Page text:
Lower crossed syndrome is a postural condition that develops over time in the region of the hips and lower back, and the muscular imbalance creates potential risk to other structures throughout this region.
Lower crossed syndrome is a postural imbalance that occurs in the muscles of lower back, pelvis, and hip joints. This condition is a result of prolonged sitting and will be exacerbated by poor posture.
While sitting, some muscles are stuck in a shortened position—a position which begins to take hold. At the same time, other muscles are stuck in a lengthened position, and these muscles become weak or inhibited.
It’s important to know some basic anatomy of the lower back, pelvis, and hips to understand lower crossed syndrome. First, you need to understand some of the bony anatomy (which includes the joints). Then, you can learn the muscles involved and how they are affected.
To begin, the bones of the lower back are the lumbar spine, which is comprised of 5 bones.
The lowest of these 5 bones attaches to the sacrum—the last bone in the spinal column that bears the weight of your body. One more bone attaches below the sacrum, called the coccyx. The coccyx is often called the tailbone.
The sacrum sits between the left and right pelvic bones. Each half of your pelvis has three parts:
Lastly, the femur bones are the thigh bones. On each side, the femur attaches to the pelvis, and these are your hip joints.
Muscles that are affected in lower crossed syndrome include muscles that attach from the lumbar spine to the pelvis, muscles that attach from the pelvis to the femur, and one muscle that has attachments from the lumbar spine to the femur.
The abdominal muscles—namely the rectus abdominis (the 6-pack muscles)—are also involved, attaching from the lower portion of the ribs and sternum to the upper portion of the pubic bone.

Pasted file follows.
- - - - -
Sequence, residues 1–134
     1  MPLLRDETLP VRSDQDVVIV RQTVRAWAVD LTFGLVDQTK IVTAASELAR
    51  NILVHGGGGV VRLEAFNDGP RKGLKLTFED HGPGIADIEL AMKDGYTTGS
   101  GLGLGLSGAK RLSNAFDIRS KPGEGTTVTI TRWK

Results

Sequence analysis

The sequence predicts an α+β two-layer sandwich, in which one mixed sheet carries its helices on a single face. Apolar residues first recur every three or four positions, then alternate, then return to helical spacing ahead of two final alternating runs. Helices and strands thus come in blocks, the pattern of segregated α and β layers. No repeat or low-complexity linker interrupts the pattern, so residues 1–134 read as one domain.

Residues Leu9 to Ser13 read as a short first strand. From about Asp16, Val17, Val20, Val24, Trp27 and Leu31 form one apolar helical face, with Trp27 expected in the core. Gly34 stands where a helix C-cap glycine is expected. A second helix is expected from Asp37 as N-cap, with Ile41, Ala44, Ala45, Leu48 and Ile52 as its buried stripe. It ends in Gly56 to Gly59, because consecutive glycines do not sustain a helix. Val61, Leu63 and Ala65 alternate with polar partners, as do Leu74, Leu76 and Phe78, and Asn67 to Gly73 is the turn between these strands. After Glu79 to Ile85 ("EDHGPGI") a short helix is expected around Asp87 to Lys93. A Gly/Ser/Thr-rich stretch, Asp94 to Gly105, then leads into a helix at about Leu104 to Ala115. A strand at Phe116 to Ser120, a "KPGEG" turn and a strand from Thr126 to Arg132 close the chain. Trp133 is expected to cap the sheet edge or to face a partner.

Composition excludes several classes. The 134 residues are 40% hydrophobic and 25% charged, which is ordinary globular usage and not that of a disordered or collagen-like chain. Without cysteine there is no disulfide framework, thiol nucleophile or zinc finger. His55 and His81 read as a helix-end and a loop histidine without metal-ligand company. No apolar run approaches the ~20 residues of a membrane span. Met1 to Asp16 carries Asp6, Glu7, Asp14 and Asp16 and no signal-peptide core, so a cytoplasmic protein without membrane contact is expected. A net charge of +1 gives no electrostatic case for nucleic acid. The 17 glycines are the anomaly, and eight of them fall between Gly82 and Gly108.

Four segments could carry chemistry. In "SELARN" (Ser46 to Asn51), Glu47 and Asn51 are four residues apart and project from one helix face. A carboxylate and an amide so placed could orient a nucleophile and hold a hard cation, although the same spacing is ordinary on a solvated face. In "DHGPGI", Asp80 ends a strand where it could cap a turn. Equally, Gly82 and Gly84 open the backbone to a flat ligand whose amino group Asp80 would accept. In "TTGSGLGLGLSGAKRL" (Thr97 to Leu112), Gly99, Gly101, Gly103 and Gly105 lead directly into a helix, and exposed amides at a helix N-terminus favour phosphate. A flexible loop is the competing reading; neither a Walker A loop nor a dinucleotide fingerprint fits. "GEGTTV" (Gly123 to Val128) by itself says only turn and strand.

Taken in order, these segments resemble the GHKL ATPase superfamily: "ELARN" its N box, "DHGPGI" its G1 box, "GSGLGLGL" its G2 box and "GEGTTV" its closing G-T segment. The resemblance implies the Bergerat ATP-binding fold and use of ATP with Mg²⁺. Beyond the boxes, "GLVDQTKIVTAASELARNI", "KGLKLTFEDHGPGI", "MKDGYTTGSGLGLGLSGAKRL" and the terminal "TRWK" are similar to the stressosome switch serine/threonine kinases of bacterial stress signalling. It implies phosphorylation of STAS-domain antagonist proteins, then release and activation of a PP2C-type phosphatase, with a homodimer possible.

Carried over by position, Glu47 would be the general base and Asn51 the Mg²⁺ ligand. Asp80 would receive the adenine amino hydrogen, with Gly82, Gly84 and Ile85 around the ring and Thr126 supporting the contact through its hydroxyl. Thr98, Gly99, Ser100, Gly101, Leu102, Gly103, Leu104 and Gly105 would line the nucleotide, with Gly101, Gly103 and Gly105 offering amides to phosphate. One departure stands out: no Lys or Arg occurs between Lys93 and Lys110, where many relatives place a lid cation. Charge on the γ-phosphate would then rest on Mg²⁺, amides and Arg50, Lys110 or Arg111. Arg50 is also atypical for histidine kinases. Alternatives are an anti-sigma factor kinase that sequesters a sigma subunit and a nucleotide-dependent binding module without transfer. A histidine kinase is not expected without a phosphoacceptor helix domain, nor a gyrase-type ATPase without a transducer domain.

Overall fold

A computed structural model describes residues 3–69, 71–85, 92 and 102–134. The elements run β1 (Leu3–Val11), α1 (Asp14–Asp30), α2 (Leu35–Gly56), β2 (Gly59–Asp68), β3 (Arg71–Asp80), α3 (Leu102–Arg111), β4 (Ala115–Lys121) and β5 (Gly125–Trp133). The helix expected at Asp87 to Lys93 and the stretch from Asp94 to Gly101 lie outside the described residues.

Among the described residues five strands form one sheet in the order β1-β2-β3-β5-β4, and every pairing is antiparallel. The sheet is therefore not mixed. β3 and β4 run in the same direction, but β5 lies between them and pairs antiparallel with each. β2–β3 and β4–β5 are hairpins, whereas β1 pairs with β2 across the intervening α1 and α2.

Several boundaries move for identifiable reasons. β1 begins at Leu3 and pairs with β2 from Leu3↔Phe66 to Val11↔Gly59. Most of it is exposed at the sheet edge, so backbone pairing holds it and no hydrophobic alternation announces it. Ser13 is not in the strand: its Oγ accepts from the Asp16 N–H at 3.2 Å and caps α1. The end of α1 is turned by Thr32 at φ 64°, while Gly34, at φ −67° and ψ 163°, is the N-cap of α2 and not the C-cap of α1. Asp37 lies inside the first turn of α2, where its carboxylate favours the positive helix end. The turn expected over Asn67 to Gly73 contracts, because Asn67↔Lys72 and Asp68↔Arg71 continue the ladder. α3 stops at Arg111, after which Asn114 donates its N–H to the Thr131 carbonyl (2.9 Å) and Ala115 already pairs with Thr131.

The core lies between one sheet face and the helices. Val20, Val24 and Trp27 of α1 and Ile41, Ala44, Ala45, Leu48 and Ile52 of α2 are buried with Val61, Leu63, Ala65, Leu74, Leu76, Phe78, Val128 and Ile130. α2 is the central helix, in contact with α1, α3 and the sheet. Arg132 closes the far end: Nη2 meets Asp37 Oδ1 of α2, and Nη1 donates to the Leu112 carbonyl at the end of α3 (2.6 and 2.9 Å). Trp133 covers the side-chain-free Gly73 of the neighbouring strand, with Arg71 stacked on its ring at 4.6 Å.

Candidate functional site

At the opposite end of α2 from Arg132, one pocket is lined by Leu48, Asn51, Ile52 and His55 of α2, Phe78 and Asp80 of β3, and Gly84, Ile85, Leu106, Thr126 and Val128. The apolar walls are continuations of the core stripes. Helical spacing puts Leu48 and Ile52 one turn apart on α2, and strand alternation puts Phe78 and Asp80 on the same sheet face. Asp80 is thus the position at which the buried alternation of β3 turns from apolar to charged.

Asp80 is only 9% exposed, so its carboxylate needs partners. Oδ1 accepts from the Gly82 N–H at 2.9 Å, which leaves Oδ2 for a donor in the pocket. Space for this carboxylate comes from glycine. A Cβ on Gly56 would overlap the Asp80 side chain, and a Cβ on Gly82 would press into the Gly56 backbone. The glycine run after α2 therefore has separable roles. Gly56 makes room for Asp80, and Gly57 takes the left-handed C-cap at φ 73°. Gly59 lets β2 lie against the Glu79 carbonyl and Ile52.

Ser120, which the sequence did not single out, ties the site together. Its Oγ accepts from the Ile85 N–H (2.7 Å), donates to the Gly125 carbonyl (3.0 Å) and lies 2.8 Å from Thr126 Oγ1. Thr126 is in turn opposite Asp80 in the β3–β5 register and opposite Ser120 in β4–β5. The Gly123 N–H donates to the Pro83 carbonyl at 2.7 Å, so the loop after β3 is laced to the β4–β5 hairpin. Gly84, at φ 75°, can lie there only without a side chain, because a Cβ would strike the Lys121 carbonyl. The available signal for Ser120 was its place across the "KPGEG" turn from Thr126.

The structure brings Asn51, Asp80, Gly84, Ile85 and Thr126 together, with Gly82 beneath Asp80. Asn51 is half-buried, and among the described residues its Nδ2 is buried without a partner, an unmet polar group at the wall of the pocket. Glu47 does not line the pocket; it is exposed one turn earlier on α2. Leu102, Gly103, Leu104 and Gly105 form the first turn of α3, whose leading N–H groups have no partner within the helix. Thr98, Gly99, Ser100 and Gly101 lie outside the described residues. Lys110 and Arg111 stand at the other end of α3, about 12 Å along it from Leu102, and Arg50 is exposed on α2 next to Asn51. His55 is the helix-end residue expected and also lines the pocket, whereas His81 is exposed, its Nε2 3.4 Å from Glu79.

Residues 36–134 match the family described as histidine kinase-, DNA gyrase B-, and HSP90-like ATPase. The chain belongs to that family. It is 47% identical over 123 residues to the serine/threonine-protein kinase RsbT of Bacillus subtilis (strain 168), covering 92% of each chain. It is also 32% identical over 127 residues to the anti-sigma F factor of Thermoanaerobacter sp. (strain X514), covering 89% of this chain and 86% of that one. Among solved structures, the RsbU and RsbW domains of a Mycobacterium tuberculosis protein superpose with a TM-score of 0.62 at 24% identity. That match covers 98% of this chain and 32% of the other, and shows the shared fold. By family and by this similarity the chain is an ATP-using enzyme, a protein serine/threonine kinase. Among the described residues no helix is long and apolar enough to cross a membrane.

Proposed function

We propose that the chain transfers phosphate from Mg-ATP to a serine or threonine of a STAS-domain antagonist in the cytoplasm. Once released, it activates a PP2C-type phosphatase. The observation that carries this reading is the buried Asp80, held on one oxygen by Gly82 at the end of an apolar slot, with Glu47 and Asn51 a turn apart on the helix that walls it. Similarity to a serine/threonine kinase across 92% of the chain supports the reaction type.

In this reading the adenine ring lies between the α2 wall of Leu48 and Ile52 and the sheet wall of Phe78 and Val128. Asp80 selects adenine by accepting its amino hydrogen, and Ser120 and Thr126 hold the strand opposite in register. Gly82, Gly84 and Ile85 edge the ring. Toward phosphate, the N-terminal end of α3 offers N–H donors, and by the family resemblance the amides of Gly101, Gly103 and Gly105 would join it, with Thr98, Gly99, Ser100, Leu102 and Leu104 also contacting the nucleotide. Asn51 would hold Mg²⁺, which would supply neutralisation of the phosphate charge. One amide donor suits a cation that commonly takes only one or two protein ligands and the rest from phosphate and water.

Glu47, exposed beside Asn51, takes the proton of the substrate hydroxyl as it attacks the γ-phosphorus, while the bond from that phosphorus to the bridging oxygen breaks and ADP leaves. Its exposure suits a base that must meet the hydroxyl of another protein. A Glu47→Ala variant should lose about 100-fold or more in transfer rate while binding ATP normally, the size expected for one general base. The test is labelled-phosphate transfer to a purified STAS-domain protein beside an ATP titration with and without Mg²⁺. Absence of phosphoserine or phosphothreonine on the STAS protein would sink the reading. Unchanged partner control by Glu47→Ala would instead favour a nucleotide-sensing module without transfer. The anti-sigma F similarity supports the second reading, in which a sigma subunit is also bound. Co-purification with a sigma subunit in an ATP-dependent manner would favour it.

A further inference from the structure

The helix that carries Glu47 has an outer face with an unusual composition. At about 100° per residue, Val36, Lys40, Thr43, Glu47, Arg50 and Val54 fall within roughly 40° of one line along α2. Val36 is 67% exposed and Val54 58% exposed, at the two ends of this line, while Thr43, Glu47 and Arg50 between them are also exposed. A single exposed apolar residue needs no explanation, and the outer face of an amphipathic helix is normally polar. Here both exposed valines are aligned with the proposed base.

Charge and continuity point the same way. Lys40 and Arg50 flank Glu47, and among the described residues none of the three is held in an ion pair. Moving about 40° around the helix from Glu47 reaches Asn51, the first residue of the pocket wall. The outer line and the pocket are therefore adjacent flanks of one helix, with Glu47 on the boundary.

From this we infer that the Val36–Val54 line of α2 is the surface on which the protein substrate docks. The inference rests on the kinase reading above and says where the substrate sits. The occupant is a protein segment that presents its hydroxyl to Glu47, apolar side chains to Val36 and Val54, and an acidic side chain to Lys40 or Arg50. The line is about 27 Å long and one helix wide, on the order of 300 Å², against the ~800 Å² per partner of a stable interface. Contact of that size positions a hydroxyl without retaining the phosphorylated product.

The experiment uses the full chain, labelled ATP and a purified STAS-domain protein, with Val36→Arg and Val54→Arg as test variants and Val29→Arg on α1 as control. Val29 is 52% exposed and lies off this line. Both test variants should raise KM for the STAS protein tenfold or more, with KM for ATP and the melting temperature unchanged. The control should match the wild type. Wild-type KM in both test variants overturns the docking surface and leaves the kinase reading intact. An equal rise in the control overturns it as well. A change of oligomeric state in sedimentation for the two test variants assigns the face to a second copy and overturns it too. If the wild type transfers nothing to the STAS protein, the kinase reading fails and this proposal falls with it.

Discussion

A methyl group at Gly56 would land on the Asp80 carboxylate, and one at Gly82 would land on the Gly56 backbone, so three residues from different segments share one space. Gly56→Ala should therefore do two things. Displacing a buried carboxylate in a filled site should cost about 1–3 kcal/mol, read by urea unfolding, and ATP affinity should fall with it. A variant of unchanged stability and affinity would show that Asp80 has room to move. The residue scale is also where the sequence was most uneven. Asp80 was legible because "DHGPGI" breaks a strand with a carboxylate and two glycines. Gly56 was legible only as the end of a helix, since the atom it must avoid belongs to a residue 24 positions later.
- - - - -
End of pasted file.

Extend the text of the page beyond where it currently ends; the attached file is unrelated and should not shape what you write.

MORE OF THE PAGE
Lower crossed syndrome occurs when prolonged sitting creates tightness in some muscles and inhibition of others.
While sitting, the hip flexor muscles described above are shortened from the flexed position of the hips. Over time, the muscles begin to hold in this shortened position.
This response to shortening is described as chronic hypertonicity. A hypertonic muscle is one that has an unconscious, partial contraction. A hypertonic muscle will also have resistance to stretching due to this low-grade contraction.
The tight or hypertonic muscles in lower crossed syndrome include:
These tight muscles will pull on the bones to which they attach, even when you’re no longer sitting.
While sitting, the gluteal muscles described above are lengthened and both the gluteal muscles and the abdominal muscles inactive.
Over time, this prolonged inactivity combined with the antagonist muscle tightness (hip flexors and lumbar erector spinae) creates weakness or inhibition of these muscle groups.
Tightness of the hip flexors and lumbar erector spinae along with weakness/inhibition of the gluteal and abdominal muscles creates a postural imbalance in the lower back and hips.
The postural imbalance noted in lower crossed syndrome is a forward rotation of the pelvis and an excessive extension in the lumbar spine, known as hyperlordosis.
This excessive backwards curve of the lumbar spine may lead to back pain, commonly known as facet syndrome, mechanical or postural back pain.
As a postural imbalance, lower crossed syndrome does not necessarily present with pain or other symptoms. The signs of lower crossed syndrome are the same details as described in Pathophysiology.
Other symptoms may include:
The mechanism for the onset of lower crossed syndrome is simple and straight forward. Prolonged sitting will lead to the muscular imbalance, and this imbalance is exacerbated by poor posture.
However, there are other preventative measures to reduce your risk of developing lower crossed syndrome if you are stuck in a seated position for many hours per day.
Sometimes, a simple reminder can help to keep your body in a better position. However, prolonged sitting—especially in a poor position—will create the muscular imbalances described earlier.
When this happens, simply thinking about sitting more appropriately may still be ineffective. So, we developed Power-Up Posture with 21 exercise and stretches to help improve your posture!
Power-Up Posture is an exercise and stretch program designed to counter the ill-effects of prolonged sitting. The program is effective for both prevention and rehabilitation of lower crossed syndrome.
Power-Up Posture is a comprehensive program to stretch and relax the hypertonic muscles and to stimulate activation and strengthening of the inhibited muscles affected in lower crossed syndrome.
Through participation of this program, you can effectively prevent these muscular imbalances and reduce pain associated with prolonged sitting and poor posture.
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